I somehow managed not to puke or even cry at the rink, and apparently appeared normal enough that a family asked if I would take their picture.  A woman stopped me, saying, “You look pretty steady on your feet, would you take our picture?”

I responded with, “You should have seen me about ten minutes ago.”

Her husband, barely able to contain his smirk, “Oh, I saw you.”

Forty-eight hours later, everything hurts and I’m dying.  Every point of impact and point of bracing for the impact is screaming, and purple is soooo my color!  I can’t help but feel that if my elf-meter had pinged even a little jollier before Christmas, this wouldn’t have happened, like a concussion and every bone and muscle screaming at me is some sort of cautionary tale.  Next year, I promise there’ll be a Christmas card, OK?  Happy 2017, y’all.

 

 

You Heard It Here First

Apropos of nothing but the pride that swelled at my son’s performance today, I’m dropping these, ahem, observations here and calling it a day.  My big kid began a second run of occupational therapy today, and there’s nothing that pains a mom’s heart like that in-your-face bitch slap of “Here’s what your kid can’t do.”  Compared to other therapy appointments, it was a bronze medal day for me.  Woulda/coulda been a silver, but it being a new start of sorts, it called up those memories from the early after days.  Look ma, no tears.  Superstah!!

Today I’m going to let my children do the talking.  I swear, hand on heart, heart pure as the driven snow, that these unfamous, no, not infamous, merely unfamous quotes are verbatim recordings of sentences constructed by my offspring.

Yeah, I took the dog for a walk.  He peed and pooped, and I picked up most of it. (Most of it?  MOST of it??  That’s a special kind of lazy, kid)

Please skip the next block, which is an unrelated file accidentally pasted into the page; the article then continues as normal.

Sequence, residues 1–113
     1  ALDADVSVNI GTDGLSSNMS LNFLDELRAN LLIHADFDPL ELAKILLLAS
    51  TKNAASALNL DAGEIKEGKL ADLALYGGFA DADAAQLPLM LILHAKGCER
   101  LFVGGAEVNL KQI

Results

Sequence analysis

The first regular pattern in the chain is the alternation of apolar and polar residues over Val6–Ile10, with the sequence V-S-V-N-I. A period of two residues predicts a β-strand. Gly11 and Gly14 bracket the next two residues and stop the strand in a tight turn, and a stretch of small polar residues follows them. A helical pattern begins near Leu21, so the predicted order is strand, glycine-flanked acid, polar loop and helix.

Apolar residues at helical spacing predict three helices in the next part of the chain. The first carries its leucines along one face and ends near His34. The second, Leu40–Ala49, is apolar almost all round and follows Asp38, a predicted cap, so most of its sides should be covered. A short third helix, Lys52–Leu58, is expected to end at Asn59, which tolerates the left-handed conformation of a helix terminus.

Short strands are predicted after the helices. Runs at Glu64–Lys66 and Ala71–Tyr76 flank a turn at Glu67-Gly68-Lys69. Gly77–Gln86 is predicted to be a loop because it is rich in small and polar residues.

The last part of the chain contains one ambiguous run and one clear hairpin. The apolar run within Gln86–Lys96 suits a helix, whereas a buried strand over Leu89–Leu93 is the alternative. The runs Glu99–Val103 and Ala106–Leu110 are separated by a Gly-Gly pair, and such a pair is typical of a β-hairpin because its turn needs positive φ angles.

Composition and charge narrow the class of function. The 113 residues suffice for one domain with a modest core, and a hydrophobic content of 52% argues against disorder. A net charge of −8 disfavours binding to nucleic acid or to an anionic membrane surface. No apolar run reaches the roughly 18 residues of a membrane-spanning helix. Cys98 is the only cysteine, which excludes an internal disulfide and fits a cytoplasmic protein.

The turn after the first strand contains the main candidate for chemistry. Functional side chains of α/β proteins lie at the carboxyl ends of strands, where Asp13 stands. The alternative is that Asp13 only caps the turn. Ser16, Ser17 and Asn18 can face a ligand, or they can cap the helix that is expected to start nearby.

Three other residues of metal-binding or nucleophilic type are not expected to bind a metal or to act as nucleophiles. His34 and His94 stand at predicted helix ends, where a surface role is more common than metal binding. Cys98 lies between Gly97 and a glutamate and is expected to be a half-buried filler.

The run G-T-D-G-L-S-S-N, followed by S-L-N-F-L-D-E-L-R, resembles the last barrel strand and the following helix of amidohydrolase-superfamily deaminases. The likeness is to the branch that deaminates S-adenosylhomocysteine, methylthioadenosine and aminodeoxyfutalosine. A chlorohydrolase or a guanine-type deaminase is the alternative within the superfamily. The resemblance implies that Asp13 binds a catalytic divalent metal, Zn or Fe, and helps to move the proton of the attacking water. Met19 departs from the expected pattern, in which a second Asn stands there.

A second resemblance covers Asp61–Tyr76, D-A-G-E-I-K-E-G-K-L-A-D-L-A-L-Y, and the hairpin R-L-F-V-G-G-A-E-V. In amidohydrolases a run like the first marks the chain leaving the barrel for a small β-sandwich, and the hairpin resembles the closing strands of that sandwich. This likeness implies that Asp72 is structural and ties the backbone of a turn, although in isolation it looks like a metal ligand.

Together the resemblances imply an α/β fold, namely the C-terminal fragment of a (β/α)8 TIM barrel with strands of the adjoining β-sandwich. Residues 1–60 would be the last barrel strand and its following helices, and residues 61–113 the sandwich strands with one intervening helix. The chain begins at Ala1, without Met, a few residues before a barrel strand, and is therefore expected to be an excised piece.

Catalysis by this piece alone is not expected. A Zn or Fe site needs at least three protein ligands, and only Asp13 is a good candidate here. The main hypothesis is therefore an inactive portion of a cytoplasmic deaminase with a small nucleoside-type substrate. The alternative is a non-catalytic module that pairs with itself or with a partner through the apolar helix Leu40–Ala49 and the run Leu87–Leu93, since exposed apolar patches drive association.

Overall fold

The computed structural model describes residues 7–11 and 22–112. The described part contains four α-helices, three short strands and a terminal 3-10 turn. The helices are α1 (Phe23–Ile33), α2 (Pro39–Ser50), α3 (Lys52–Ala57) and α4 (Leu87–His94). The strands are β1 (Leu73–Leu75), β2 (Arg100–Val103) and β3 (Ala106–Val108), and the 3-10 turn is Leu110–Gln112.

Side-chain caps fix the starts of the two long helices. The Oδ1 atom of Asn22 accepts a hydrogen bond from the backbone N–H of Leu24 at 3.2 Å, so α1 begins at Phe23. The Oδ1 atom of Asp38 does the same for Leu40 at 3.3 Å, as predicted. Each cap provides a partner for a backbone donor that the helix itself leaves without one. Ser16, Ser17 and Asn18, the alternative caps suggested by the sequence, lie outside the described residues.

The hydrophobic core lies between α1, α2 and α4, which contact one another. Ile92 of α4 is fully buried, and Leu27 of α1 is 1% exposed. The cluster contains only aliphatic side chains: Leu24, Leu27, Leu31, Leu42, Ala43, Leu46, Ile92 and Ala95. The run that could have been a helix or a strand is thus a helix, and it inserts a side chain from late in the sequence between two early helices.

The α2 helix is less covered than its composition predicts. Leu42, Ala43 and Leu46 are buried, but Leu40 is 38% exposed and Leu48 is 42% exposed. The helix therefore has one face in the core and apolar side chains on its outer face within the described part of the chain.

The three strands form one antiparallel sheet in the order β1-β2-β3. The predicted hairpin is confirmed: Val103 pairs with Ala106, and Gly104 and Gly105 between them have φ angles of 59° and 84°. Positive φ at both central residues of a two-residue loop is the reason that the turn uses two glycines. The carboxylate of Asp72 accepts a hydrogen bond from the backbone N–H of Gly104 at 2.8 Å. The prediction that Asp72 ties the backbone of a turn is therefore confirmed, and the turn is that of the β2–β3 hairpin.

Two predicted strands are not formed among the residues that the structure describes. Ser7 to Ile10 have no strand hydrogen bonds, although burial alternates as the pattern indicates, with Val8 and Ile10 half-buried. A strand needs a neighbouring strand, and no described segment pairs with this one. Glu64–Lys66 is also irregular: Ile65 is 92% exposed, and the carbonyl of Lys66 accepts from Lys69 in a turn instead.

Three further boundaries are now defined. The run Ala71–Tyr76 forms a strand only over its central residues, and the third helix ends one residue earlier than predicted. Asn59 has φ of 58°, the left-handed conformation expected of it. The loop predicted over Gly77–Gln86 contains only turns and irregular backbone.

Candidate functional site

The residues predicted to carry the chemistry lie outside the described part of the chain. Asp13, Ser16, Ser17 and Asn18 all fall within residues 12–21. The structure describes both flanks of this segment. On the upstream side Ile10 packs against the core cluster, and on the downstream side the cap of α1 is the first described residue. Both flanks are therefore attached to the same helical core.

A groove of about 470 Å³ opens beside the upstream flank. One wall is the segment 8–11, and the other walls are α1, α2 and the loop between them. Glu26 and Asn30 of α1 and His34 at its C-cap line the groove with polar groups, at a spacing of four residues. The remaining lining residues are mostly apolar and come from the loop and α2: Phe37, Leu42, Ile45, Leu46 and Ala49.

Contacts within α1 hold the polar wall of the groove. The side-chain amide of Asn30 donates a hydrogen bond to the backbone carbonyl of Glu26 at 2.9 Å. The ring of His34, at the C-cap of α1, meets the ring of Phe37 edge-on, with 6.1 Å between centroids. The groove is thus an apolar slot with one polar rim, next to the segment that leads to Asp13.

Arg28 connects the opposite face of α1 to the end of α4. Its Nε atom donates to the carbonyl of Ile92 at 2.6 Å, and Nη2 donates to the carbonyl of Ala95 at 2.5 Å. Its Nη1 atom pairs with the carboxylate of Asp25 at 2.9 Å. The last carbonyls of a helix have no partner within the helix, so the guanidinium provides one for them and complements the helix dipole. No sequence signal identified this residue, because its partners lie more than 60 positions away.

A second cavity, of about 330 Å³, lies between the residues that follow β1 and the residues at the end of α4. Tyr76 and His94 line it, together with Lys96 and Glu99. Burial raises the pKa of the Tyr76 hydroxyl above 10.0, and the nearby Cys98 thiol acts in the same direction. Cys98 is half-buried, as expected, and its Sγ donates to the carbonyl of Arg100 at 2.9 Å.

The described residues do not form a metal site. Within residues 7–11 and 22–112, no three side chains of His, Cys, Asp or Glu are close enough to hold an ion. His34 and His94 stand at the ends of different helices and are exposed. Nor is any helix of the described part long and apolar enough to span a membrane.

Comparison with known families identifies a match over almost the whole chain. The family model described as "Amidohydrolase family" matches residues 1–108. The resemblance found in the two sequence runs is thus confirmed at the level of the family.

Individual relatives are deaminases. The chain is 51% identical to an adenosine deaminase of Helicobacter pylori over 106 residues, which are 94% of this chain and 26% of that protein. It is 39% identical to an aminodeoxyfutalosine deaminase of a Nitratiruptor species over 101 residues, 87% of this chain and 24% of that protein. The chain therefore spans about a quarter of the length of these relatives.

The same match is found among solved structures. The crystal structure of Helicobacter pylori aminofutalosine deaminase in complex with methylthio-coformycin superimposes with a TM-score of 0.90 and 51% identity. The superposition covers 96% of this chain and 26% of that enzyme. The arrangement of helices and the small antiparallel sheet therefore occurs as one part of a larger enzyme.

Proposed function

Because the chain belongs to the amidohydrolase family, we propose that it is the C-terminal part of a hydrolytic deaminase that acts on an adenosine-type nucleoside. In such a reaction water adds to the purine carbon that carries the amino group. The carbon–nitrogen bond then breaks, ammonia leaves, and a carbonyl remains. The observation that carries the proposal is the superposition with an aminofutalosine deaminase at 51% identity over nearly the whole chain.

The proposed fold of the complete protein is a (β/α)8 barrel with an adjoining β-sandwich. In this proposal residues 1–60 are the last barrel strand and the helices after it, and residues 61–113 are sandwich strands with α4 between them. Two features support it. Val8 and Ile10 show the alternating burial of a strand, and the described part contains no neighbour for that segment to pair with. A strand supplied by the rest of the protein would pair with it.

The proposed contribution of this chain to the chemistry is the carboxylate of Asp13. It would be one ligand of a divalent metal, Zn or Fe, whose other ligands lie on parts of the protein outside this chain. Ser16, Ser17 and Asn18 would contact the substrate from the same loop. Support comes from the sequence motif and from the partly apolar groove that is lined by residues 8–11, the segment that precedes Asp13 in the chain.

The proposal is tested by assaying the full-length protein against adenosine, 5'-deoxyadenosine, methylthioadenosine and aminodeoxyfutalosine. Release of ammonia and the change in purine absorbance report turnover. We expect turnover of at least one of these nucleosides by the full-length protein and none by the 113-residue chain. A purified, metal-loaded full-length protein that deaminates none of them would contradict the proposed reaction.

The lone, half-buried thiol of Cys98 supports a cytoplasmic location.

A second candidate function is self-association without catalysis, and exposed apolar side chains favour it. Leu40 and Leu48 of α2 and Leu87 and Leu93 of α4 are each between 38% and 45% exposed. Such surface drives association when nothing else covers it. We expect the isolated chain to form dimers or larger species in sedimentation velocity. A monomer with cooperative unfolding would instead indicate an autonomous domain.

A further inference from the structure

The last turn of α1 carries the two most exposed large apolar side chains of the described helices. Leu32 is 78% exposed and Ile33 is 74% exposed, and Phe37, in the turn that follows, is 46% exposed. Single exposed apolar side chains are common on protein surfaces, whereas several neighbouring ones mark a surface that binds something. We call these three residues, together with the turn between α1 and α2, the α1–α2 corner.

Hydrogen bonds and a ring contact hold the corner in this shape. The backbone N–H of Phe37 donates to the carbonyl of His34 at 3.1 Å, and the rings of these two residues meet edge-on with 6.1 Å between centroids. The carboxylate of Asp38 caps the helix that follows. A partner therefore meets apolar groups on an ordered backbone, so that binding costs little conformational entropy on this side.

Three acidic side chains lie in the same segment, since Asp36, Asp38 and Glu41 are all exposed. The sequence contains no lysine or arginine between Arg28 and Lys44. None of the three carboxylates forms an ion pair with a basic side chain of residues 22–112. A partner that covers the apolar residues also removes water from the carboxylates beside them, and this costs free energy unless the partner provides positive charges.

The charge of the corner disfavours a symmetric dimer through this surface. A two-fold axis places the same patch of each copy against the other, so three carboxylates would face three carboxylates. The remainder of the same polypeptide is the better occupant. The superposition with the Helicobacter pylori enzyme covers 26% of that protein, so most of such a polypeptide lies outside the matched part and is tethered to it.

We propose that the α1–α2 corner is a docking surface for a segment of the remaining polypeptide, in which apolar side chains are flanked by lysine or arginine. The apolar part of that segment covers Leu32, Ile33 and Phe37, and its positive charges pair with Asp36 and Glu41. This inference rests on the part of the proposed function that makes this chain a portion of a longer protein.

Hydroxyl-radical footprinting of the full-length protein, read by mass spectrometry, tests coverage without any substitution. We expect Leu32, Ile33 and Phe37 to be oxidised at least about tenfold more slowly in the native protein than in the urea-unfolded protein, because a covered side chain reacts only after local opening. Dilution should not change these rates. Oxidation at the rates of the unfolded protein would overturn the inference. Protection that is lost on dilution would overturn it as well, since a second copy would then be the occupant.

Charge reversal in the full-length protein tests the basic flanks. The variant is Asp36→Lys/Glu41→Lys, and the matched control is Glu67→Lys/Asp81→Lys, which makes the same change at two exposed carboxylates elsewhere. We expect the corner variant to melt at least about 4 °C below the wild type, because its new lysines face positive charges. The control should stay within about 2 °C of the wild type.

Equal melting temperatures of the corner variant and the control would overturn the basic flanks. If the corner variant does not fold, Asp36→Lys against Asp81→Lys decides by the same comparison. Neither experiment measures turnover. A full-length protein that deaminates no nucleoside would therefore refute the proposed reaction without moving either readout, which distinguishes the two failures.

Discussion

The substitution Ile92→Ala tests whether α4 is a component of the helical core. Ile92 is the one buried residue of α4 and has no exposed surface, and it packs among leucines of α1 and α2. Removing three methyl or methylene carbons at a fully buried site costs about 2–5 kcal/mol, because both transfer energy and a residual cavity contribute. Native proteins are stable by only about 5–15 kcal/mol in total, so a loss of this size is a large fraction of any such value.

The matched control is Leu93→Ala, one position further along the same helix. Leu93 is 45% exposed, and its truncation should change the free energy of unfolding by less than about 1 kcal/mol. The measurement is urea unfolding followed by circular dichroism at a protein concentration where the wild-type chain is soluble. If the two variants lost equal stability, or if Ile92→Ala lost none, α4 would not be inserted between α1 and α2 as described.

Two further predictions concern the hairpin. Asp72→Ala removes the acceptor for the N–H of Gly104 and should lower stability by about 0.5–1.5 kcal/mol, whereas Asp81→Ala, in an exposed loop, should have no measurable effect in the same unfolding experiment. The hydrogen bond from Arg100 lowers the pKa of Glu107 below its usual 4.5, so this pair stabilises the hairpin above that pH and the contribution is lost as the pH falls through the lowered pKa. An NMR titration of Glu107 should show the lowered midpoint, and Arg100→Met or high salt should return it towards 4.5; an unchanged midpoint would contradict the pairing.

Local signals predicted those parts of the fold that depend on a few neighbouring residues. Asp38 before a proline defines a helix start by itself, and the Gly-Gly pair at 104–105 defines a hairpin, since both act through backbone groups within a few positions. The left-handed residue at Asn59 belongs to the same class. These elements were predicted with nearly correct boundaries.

Sometimes I call my bladder Bob.  When it’s annoying me, I talk to it by name. (Well, what do you call your bladder?)

I tried to keep my disgusting burp in, but my mouth popped open. (In a restaurant)

Mom, I’m watching Zootopia.  It’s a kids’ movie and it’s pretty funny, so maybe if you watch it, you’ll feel calmer. (It’s possible I overreacted to something; I do that sometimes ya know.)

Dude, don’t hump me.  (Give me strength)

Him: You know what I’m gonna dress up for Halloween as next year?  Me: Beyoncé??  Him: (Honks his nose) A clown. (Followed by a sassy, smug grin. Punk)

Two bucks??  Come on, this is crap.  This from my young one re: the Tooth Fairy. (Just wait til your friends tell you the truth, you ungrateful fifth grader.)

That looks like a dildo.  I know what that is, Mom. (Watching the Food Network’s Worst Cooks in America sausage making episode).

I don’t trust any Swiss cheese that doesn’t have holes in it. It is just not right. (Can’t really argue with that one, kid)

I vurped in school yesterday. In math class. It wasn’t that loud. Only like 20 people noticed.

You wanna smell my farts?  (I get to choose?)

Don’t come up here. I just laid an atomic dook. More like a mondo atomic dook. (Super pleased he’s learning about adjectives and adverbs though.)

You know what it smells like?  (We were driving across a bridge that spans the waste water treatment facility)  It smells like McDonald’s.  Well not like the fries once you get them, but like the floor at McDonald’s.  You know, where it’s slippery and kind of nasty?  Like that smell.  But not the one near our house, the McDonald’s in Johnson Creek by the outlet mall. (That is a very specific gross-out, kid.)

Yeah, I noticed that you’re older than most of my friends’ moms. (Thanks for noticing and reporting back, Punk.)

You know what I could maybe want for my birthday someday, Mom?  An air horn. (You know what you’re never getting for your birthday someday, Son?  An air horn.)

It’s a week before Christmas.  I’m the lone female in a house of nut job boys (she whispered tenderly), and for some reason, holiday preparations heighten my attention to flying solo.  I’ve purchased maybe 22.6% of the gifts I’d like to have purchased, and have yet to consider even remotely the family Christmas card.  We are hosting Christmas Eve, Christmas Day and Christmas dinner, and to date I have managed to purchase nothing more than the cream needed for my vodka pasta.  A lot can happen in a week though, friends.  It’ll be a Christmas miracle.